Reframed Relationships: MMORPGs and Societies

Written by Mel White, a sociologist, cartoonist, artist, game and fantasy writer—takes an in-depth look at the cultures and sub-cultures of World of Warcraft; the growth of a global culture, and social circles with people that live in different countries, sharing experiences and friendships impossible to meet under ordinary circumstances. Seemless interaction between underage and adults in-game.  The author also covers the hierarchy of game developers such as coders, hardware technicians and GMs. Terms of conduct implemented in-game to force control on players. Coding mistakes that affect the gameplay such as Hakkar the Soulflayer’s popular disease who would spread outside the instance into the major cities, affecting low level players.

The Economy of the World of Warcraft

Jerry Jackson—majored in Management Science and Service Bay 12 CEO—explains what World of Warcraft economy and the real-world economy have in common. Supply and demand. And how inflation, monopoly and farmers affect the economy negatively.

Ancestors and Competitors

This section goes on to various topics. From defining words such as graphics, persistent world, massive multiplayer, Online, roleplaying game and what World of Warcraft is; to a brief history of RPG starting with Paper Games such as the founder: Dungeons & Dragons in early 70s and Chainmail. Their influences coming from the 50s with Tolkien, Gray Mouser, Elric stories, Conan the Barbarian, Three Hearts and Three Lions. If you want to learn the history of roleplaying games and MMORPGs covering Warhammer by Games Workshop, MUDs, Ultima Online, Everquest, Asheron’s Call, Dark Age of Camelot, this is the place to read it. The author is Chris McCubbin who works at the Incan Monkey God Studios (IMGS)—early 90s publication department of Origin Systems and responsible for creating game guides of all Ultimas, Wing Commanders and Everquest: The Ruins of Kurnark among others.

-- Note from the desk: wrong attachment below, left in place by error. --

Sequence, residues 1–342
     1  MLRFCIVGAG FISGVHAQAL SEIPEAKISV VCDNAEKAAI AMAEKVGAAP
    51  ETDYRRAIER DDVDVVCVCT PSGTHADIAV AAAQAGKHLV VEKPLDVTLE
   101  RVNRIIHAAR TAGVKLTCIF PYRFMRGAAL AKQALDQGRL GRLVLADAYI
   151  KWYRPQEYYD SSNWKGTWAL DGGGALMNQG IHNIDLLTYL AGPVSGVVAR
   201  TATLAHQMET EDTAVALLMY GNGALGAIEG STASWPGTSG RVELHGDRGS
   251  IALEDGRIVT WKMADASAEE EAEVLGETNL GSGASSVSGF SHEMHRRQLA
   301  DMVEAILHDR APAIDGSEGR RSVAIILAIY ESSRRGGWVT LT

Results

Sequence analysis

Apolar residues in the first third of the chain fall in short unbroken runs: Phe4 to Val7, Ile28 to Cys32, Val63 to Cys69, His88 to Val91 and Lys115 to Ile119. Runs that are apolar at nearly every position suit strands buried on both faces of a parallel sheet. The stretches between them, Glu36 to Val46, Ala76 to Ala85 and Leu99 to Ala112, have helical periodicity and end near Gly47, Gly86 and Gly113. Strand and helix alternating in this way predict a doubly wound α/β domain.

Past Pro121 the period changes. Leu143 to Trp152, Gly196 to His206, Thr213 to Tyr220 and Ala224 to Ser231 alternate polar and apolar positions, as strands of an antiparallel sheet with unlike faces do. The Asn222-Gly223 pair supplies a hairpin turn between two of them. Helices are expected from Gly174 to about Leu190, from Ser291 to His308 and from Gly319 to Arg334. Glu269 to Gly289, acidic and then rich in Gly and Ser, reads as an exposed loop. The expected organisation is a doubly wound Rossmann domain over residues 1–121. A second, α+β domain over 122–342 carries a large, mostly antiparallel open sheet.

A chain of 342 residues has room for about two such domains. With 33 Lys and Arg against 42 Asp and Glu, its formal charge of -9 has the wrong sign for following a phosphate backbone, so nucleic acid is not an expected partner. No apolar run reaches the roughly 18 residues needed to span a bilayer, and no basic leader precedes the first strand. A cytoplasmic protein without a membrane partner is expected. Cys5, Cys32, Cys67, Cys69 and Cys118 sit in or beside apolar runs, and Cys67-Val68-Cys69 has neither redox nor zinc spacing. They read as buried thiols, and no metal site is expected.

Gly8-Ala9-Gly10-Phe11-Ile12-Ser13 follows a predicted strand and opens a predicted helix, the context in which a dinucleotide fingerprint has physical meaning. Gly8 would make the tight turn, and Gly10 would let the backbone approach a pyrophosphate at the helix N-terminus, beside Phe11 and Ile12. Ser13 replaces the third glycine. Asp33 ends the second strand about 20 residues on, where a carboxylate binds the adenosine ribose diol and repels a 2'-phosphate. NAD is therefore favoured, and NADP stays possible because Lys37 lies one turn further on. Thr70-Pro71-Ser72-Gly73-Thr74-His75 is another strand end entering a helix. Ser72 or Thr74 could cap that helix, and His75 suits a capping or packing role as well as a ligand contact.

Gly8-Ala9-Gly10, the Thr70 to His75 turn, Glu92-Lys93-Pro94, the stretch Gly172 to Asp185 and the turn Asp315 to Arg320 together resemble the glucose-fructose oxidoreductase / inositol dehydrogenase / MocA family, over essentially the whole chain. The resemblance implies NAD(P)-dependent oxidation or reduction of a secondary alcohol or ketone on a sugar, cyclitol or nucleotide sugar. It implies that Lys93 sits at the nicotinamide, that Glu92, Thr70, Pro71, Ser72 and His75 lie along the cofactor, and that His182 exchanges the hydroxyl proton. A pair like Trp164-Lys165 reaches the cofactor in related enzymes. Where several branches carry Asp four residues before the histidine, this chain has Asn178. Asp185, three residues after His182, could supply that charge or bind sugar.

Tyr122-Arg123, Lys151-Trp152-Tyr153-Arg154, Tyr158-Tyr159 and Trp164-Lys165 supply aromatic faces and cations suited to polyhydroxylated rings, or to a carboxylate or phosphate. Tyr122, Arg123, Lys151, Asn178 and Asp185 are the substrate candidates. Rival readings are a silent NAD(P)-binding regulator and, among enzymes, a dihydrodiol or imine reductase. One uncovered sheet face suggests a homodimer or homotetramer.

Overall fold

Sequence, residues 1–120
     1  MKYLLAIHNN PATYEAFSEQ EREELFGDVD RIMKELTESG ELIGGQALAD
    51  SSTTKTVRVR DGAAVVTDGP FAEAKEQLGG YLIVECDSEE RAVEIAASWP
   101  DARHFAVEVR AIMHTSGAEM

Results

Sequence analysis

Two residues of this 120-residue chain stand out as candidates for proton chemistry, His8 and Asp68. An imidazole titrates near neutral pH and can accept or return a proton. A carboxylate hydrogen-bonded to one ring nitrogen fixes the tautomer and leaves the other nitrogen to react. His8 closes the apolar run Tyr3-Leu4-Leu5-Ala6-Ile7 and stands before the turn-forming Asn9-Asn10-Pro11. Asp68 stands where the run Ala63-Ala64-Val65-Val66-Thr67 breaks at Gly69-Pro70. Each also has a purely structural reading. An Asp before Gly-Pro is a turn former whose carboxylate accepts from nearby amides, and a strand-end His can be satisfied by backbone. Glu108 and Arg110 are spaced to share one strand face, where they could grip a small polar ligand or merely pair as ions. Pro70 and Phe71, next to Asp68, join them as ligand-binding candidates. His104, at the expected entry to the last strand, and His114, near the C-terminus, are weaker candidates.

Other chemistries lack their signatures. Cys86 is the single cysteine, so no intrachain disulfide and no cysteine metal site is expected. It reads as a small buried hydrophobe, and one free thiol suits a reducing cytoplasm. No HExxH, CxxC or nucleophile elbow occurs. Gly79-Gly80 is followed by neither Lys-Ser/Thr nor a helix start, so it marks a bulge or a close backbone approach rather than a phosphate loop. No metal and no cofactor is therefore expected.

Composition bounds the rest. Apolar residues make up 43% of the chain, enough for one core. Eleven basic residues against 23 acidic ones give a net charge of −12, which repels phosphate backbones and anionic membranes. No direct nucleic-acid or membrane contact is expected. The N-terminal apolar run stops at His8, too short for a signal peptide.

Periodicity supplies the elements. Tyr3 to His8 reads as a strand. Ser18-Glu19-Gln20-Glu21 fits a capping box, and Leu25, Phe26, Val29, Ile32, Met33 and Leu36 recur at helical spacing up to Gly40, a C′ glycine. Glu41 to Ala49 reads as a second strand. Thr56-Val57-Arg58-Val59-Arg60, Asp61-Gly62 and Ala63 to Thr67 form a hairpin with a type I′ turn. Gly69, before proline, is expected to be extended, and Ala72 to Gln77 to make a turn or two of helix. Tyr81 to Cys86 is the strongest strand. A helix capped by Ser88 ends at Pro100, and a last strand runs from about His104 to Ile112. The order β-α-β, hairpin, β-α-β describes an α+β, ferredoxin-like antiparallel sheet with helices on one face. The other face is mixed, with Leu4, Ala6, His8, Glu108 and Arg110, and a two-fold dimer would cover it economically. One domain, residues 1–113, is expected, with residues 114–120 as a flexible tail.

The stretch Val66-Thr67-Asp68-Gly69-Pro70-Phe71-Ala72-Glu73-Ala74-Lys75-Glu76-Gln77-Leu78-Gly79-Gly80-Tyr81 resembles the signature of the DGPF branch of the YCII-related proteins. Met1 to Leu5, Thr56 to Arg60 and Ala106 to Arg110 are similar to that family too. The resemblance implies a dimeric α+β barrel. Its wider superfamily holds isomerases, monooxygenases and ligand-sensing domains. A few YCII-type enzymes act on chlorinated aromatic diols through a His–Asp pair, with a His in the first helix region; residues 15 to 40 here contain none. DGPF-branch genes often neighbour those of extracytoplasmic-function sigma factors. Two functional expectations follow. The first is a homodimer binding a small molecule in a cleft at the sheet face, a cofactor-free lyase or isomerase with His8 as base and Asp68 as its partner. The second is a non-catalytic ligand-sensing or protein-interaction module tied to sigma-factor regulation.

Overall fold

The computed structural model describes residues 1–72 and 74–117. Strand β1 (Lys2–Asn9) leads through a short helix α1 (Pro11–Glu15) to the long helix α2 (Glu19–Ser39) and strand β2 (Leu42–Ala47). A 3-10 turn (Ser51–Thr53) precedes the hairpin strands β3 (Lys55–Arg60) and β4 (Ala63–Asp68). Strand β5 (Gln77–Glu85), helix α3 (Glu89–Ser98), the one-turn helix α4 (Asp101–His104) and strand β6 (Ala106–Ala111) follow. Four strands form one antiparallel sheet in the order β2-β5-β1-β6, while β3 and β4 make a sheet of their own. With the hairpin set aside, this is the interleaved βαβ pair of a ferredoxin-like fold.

Maps and Mapping

James M. Ward writes about World of Warcraft’s organized maps which help you interact with the wolrd and coordinate where you are and how to get from point A to point B. A brief history of board games and Fantasy RPGs. The history of mapping since Roman times and its difference to modern maps. The importance of Map legends such as those in BradyGames World of Warcraft Strategy Guide which offer further details of where in the map you may find NPCs, quests and other relevant info. The author of this section, James Ward, created the first science fiction RPG in Metamorphosis Alpha. He has written for DC Comics, Marvel Comics, Bantam and game credits include licenses for Sesame Street, Dragonball Z, Marvel, DC, Wheel of Time, Indiana Jones, Conan, He-Man, Charlie Brown among many others.

This is only half the book.  Tomorrow we will publish the second part of the review which covers the following sections:

  • Should we sell World of Warcraft by Prescription Only?
  • Altaholics Not so Anonymous
  • I play like a Girl—by Nancy Bermann
  • Advice to the Wowlorn

Part II: World of Warcraft Classes

  • Paladin
  • Priest
  • Shaman
  • Druid
  • Rogue
  • Mage
  • Warrior
  • Warlock
  • Hunter